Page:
How is this similar to the market now? The Federal Reserve has created an environment of low- to almost non-existent returns on bank saving accounts, and in the process it ruptured the savings mentality that had been a foundation of American society. People once could live within their means and make a habit of saving some of their income for retirement. They expected banks to pay a rate of interest to savers that was fair and consistent.

When this was no longer the case, people with savings chased returns in riskier areas including stocks, as well as not saving as much. Indeed, the saving generation has been forced into stocks, in which they do not have deep-seated faith. They will take the first opportunity to return to their savings ways again.

Three factors substantiate the view that this market is in a bubble. Each factor warns that stocks are in extremely overbought territory.

The first factor is the CCT indicator. This indicator is a proprietary internal measurement of the general volume of the New York Stock Exchange. The measurements take into account the institutional participation as a ratio of the overall volume. Also measured is the duration of heavy block buying in rallies.

The sum total of all the measurements now shows the lowest bullish energy ever — even lower than in 2008, just before the market crash.

The second factor is the sluggish VIX  (S&P Volatility Index) and the persistence of readings just above 10. These overbought readings indicate a pressure to return to higher levels, thus requiring downside volatility to neutralize the pressure. The longer this persists, the greater the downside pressure.

The third factor is a short-term daily indicator called the 1.5% one-day decline, which signals a pending environment change in chart patterns. The U.S. market has now gone three months without a 1.5% one-day decline. This is the longest period in the record-keeping history of this indicator — and a sign of imminent danger. Bubbles burst.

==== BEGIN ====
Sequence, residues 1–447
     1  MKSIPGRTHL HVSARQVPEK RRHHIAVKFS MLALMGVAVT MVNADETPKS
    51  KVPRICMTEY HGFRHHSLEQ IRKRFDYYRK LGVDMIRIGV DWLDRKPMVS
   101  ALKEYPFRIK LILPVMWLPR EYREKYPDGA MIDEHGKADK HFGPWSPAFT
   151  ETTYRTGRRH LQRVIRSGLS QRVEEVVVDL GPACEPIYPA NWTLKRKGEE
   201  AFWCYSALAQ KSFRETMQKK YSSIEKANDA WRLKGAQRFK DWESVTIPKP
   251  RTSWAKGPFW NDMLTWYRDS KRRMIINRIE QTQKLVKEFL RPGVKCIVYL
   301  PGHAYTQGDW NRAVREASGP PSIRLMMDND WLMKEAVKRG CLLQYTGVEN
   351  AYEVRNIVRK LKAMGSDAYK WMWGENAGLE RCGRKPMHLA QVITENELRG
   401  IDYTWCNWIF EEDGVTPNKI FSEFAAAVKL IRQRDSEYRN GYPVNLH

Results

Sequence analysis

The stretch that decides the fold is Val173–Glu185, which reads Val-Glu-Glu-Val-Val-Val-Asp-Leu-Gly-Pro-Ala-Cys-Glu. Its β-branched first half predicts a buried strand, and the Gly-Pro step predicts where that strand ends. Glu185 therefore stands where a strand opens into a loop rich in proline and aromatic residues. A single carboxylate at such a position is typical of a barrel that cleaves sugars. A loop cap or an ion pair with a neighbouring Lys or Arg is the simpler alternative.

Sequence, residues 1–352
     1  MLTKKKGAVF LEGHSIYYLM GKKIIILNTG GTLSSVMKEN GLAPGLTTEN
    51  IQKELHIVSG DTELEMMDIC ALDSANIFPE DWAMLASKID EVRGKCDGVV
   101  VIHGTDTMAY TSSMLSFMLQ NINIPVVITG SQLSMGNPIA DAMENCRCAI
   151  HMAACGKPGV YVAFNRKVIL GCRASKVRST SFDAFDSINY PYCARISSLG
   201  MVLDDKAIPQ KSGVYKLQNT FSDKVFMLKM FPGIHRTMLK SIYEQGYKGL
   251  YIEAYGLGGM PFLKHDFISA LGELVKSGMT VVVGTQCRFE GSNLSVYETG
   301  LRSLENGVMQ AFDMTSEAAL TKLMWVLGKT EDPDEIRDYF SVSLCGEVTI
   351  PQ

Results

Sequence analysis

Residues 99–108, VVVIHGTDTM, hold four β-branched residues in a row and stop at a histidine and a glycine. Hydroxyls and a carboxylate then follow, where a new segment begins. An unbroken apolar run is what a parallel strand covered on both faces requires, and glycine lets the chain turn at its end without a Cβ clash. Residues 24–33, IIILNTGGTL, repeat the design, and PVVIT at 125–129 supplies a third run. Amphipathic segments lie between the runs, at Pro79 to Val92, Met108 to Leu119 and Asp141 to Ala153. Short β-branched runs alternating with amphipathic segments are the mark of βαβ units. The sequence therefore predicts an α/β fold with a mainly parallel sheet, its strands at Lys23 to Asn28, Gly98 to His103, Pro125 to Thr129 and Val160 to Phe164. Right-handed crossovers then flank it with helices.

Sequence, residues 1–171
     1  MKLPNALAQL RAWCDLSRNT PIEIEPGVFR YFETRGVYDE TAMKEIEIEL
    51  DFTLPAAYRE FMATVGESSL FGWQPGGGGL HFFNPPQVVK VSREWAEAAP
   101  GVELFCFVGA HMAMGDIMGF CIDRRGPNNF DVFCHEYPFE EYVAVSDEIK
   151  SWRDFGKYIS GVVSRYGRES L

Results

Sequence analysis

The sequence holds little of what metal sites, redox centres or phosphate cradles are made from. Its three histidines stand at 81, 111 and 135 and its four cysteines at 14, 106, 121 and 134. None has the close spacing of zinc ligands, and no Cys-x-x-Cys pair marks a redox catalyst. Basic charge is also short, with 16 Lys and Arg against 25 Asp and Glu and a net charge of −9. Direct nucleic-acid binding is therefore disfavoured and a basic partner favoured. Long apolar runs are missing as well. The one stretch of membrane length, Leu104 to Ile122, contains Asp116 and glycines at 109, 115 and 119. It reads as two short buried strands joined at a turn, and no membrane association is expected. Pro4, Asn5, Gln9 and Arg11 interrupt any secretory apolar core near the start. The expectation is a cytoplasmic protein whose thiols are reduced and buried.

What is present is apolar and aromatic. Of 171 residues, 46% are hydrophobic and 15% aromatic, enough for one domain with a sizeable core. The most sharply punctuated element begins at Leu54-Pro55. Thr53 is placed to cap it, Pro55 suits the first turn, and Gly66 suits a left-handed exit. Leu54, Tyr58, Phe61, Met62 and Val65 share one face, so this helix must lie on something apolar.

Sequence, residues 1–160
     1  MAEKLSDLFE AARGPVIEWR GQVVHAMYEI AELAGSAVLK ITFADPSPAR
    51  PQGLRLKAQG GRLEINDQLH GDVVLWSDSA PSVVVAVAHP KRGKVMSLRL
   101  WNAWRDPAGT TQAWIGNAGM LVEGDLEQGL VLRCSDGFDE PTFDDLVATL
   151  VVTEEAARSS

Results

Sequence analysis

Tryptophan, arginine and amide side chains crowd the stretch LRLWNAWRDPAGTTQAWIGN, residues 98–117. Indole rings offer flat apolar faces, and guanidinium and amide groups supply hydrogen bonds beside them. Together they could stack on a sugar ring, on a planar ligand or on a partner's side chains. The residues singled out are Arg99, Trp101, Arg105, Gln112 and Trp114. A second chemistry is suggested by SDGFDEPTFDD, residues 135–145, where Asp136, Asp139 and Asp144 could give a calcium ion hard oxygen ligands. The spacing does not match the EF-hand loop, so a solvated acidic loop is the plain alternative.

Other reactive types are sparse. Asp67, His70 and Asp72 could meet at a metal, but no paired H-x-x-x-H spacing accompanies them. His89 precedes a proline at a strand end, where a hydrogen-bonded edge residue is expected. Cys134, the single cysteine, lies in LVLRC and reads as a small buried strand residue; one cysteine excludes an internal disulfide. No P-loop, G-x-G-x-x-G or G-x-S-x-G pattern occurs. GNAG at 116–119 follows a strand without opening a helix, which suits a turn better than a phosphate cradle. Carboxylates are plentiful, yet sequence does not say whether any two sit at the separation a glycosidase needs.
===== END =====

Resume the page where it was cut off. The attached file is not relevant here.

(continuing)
The Biggest Losers in Trump’s Potential Trade War

My Comments: It’s been hard to tell if the mistakes coming out of the White House are simply the result of the learning curve necessary to be competent or whether it’s the result of overt incompetence. But I do think it’s increasingly clear that Donald Trump is in over his head.

The person most likely in charge now is Steve Bannon, who reminds me of a James Bond villain, trying to take over the world. Nothing coming out of the White House, despite the rhetoric that it will all clear up soon, suggests it’s in our best interest as citizens. I don’t see him as an evil person, but his motivation is to ultimately do what is in Steve Bannon’s best interest, and we’ve given him the keys to the kingdom. There’s very little we can do about it. Yet. This writer is too wishy washy; we will all lose if we concede the economic high ground.

Ronald Brownstein Jan 30, 2017

If Donald Trump’s aggressive moves on the international economy spark a trade war, the American communities that will lose the most in absolute terms are the giant metropolitan areas, largely along the two coasts, that are most deeply integrated into global markets.

But in proportional terms, the biggest losers from a trade war would be small and midsized cities, almost entirely in interior states, that are heavily dependent on exports of manufacturing goods or energy products.